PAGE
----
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In vivo multiphoton imaging of immune cell dynamics

  • Takaharu Okada
  • Sonoko Takahashi
  • Azusa Ishida
  • Harumichi Ishigame
Open Access
Invited Review

Abstract

Multiphoton imaging has been utilized to analyze in vivo immune cell dynamics over the last 15 years. Particularly, it has deepened the understanding of how immune responses are organized by immune cell migration and interactions. In this review, we first describe the following technical advances in recent imaging studies that contributed to the new findings on the regulation of immune responses and inflammation. Improved multicolor imaging of immune cell behavior has revealed that their interactions are spatiotemporally coordinated to achieve efficient and long-term immunity. The use of photoactivatable and photoconvertible fluorescent proteins has increased duration and volume of cell tracking, even enabling the analysis of inter-organ migration of immune cells. In addition, visualization of immune cell activation using biosensors for intracellular calcium concentration and signaling molecule activities has started to give further mechanistic insights. Then, we also introduce recent imaging analyses of interactions between immune cells and non-immune cells including endothelial, fibroblastic, epithelial, and nerve cells. It is argued that future imaging studies that apply updated technical advances to analyze interactions between immune cells and non-immune cells will be important for thorough physiological understanding of the immune system.

Keywords

Multiphoton microscopy Immune response Intravital imaging Photoconversion 

Introduction

The immune system is comprised of diverse immune cell types. Different types of immune responses against various pathogens and environmental antigens need to employ different combinations of immune cells that interactively work together. Therefore, it is important to understand which types of immune cells are interacted with each other in specific locations in tissues at specific timings during each type of immune responses. Live imaging analysis with the 3D resolution at the cellular level using multiphoton laser excitation fluorescent microscopy (hereafter called multiphoton microscopy) provides vital information to understand in vivo cellular interactions. Earlier than in the immunology field, multiphoton microscopy was applied for live tissue imaging in the field of neuroscience in 1990s [10]. Real-time imaging of immune cell behavior in excised, re-aggregated, or in vivo tissues using multiphoton or single-photon laser microscopy was first reported in 2002 to 2003 [7, 45, 46, 67]. Since then, many techniques have been developed and applied to visualize various immunological events by multiphoton microscopy [16, 31].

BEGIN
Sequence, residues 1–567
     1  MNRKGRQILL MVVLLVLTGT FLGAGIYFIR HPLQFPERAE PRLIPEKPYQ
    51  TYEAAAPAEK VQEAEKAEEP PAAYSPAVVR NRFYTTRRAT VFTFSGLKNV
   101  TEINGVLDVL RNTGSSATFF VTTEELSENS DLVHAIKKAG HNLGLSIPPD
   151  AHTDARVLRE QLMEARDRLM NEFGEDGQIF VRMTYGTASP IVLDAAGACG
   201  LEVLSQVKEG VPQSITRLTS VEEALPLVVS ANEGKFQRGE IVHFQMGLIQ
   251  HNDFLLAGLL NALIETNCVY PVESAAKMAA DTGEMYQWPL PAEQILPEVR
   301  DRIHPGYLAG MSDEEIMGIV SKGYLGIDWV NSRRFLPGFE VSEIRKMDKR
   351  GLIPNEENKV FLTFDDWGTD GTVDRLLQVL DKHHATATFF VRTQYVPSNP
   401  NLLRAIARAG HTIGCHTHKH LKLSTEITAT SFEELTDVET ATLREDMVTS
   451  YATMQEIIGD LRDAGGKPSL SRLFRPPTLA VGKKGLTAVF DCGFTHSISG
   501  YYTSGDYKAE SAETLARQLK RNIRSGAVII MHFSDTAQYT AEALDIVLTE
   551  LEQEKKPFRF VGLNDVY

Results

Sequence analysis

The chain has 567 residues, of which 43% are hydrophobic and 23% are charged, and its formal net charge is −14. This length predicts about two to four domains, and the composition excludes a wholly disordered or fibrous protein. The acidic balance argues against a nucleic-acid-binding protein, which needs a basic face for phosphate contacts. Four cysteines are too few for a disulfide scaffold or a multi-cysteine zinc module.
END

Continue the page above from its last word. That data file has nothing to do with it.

Recently, for deeper understanding of complex but organized communications between immune cells, it is increasingly necessary to simultaneously track behavior of multiple immune cell types with high multicolor imaging performance. Another issue of multiphoton imaging is time and space limitations for tracking of highly motile immune cells, and photoactivatable and photoconvertible fluorescent proteins have been successfully utilized to extend these limits. Moreover, in order to obtain functional insights from imaging analysis, various reporters of cellular and molecular activities have been also employed for immune cell imaging. These reporters include not only genetically encoded calcium and apoptosis indicators, which have been used in neuroscience and developmental biology, but also a reporter of the MAP kinase activity, which was developed by cancer cell biologists. In this review, we introduce recent studies on immune cell dynamics and interactions utilizing the improved imaging techniques. Because there are recent excellent reviews on in vivo multiphoton imaging and imaging of immune cells, we mainly focus on the new studies and technical aspects that were not extensively described by the previous reviews [31, 60]. Then, we highlight recent studies that visualized interactions of immune cells with non-immune cells, and discuss future directions to study the regulation of immune responses and inflammation by the various systems of the body.